DAY 14 

Yet again, at the crack of dawn, roosters were going crazy.  This meant another early rise and shine which wasn’t exactly a bad thing, there was a few things however, that needed to be done before we hooted towards Hoi An.




Late yesterday my bike started playing up and I needed to get it fixed.  After getting dressed I rode it up and down the main street until it started playing up again and then took it to a mechanic.  He pretty much got it fixed straight away.  A huge bolt that held the engine in place had completely fallen out leaving a valve semi disconnected.  After re affixing the valve and replacing the bolts it was game on again.  The service cost 20, 000 dong.  1 Australian Doller.  I rode to a Coffee Shope (Coffaay) and got Pattni and I a few cheeky morning coffee bean treats.  When I got back to the guest house Pattni had just got out the shower and as we enjoyed our drinks we got everything packed up and after saying goodbye to the family and the rooster we set off for Hoi An.  It was about 80km’s which isn’t too far at all.  The roads this morning were as they have been the previous 2 days, open with little to no traffic.  As we got off the Ho Chi Minh highway we took a few wrong turns, although, to be fair, we WERE following directions given to us by locals.  We ended up reaching Da Dang by about 1pm which was further North than we expected and so had to go an extra 25km south to reach Hoi An.

We arrived in a flurry of hustle in the towns market square.  We rode slowly dodging locals and tourists.  In fact this was the most amount of other tourists we’d come across since leaving Ho Chi Minh.  We rode over a bridge into what appeared to be the old quarter which housed a few resorts and hotels.  What the.  We enquired about a room and the prices were ridiculous.  We went back over the bridge and got stuck in some serious traffic at a small intersection.  The path down the road wasn’t moving and we had to rear up and go a different route.  We ended up finding a cheeky hotel down a cobbled lane and unloaded a bike.  An American couple were sitting in the foyer deciding if they’d stay there or not.  They asked if we’d been riding our bikes around the countryside.  No, we’re riding from Ho Chi Minh to Hanoi. WHAT!.  They said they tried to ride upto Da Nang but the weather got sour so they turned back.  I didn’t even begin to tell them about the previous days adventures in the clouds.

After checking in we ventured out to find some lunch.  We found a nice corner cafe where we ate and sat for a few hours watching life pass us bye.  It was great to be at a destination with time to spare to soak everything in.  After lunch we went into the markets to have a bit of a gander.  It was very much the same as we’ve seen in the past but with it’s own unique character.  The lanes were very narrow and they were packed with people.  I got a necklace with a monkey on – the monkey bastid.  We also picked up some T-Shirts and found a cheeky drinks bar where Mo got a coconut and I got an ole school glass of Coca Cola.  After munching down some sort of nut-cracker-snack-bar thingo we went back to the room to chillax for an hour and thats when darkness struck.  I started feeling pretty cruddy and soon enough I was running to the toilet.  3 or 4 more times this evening  dashes to the toilet were required as my first bout of ‘Nam belly troubles took over.  In between all this we did manage to get out to eat some meager dinner at a place called the MERMAID RESTAURANT.  It was Vietnam New Year tonight and we had hoped to go out for a bit of party-party, but we stayed in and watched Robocop before falling asleep.  I was awoken at midnight by the fireworks and crawled out onto the roof to watch them.  It was actually quite pleasent, fireworks for New Year in February.  YOU CRAZY VIETNEMESE YOU!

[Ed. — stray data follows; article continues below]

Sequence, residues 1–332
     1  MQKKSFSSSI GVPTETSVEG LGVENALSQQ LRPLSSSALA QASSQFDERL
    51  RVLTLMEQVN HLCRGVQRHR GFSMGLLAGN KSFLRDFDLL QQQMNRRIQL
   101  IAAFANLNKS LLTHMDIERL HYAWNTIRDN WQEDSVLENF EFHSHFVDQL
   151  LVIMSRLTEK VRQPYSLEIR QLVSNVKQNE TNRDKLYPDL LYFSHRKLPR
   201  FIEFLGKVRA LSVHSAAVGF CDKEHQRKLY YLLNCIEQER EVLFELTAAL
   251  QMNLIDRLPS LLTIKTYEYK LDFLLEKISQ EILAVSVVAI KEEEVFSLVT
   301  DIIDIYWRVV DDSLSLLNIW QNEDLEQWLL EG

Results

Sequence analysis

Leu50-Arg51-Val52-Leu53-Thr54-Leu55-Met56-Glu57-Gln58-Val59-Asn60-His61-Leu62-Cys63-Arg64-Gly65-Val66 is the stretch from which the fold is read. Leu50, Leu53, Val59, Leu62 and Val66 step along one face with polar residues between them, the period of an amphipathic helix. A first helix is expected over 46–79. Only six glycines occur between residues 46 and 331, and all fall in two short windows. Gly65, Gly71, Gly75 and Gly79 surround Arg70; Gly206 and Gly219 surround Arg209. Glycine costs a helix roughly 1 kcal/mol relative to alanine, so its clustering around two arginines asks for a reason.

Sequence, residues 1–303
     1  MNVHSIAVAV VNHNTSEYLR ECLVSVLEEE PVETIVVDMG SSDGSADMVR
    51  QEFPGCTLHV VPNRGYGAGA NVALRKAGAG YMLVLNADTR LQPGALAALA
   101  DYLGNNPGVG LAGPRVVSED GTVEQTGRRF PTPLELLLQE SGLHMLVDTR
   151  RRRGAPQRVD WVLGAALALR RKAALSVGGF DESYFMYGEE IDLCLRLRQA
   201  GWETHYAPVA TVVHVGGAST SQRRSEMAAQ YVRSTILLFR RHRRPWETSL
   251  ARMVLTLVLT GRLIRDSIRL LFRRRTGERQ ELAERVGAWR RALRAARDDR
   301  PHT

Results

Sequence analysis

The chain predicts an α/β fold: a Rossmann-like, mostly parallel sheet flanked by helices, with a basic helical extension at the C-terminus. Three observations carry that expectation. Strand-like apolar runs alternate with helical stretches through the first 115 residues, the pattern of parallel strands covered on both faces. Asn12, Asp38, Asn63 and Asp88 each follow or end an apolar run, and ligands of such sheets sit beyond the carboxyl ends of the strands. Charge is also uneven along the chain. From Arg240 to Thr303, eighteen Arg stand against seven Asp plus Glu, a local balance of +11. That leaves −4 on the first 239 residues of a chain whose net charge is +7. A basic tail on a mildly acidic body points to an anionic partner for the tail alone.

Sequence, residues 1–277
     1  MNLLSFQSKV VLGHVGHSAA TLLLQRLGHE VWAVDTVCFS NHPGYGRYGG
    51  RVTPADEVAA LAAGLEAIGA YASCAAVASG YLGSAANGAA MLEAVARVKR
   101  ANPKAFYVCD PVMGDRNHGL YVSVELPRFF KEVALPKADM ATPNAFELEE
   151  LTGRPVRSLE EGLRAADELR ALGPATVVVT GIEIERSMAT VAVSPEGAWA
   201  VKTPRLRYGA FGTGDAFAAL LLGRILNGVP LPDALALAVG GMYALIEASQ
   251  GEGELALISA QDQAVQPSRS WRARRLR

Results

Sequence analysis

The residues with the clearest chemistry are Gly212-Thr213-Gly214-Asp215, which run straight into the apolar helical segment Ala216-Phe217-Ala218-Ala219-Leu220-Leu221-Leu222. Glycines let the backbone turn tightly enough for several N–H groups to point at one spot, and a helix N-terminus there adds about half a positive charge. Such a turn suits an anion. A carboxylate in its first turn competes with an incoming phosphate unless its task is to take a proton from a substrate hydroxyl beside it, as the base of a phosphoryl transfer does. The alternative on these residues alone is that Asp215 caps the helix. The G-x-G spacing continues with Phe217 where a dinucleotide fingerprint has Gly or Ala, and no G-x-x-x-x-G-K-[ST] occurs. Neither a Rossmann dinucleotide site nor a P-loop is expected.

DAY 15 

We got out of bed this morning later than expected which for some of us was well needed.  Feeling better and with the hope that the previous nights sickening had, erm, filtered through, I went over to the markets to find some tea and munch on some fresh bread.  Pattni and I were piled into the same room last night and so just like everytime we share a room, the bathroom was turned into a water fun park after shower hour.

Today we headed 30kms to a place called My Son.  My Son hosts 6 sights of ancient relics dating from the 9th to the 15th century.  Old temples and pilgrims restored and are which now a world heritage listed site.  The ride up was fine and dandy, only getting lost a few times.  The temples themselves were quite interesting although for a world heritage site, slightly unkept.  Still, our imaginations ran wild thinking about what it’d been like thousands and thousands of years ago, being here.




After the ruins we headed back toward Hoi An and the weather started to cool down again as we stopped to layer up. Just before we arrived, my gear shifter fell out as some point, once again, we stopped right in front of a mechanic shop. While the replacement part was being installed, we sampled of a bowl of noodles and watched the locals play some gambling game with dice we dont quite understand just yet.

With the shiny new part in place, we were cruising to De Nang just before sun down. After a minor struggle with directions, we finally found the hotel strip and checked a few prices until we came across the Prince Hotel, just off the main strip where we decided to make base.

Once we were settled we wandered out to find some grub to fill the void in our bellies. It turns out a lot of restaurants were closed today due to the Lunar New Year and finding an open establishment was becoming a bit of a challenge. Some locals offered to take us to a Pho restaurant, but even that was closed. We decided to loop back and just wander when much to our joy, we found an cosy Indian restaurant that was open for business!

The stressed out waiter served us ice cold Saigon beer to wash down some heart warming curries and samosas all wrapped up in glorious soft naan breads. We could not have asked for a better meal.

Tomorrow we explore Da Nang some more and then off to Hue!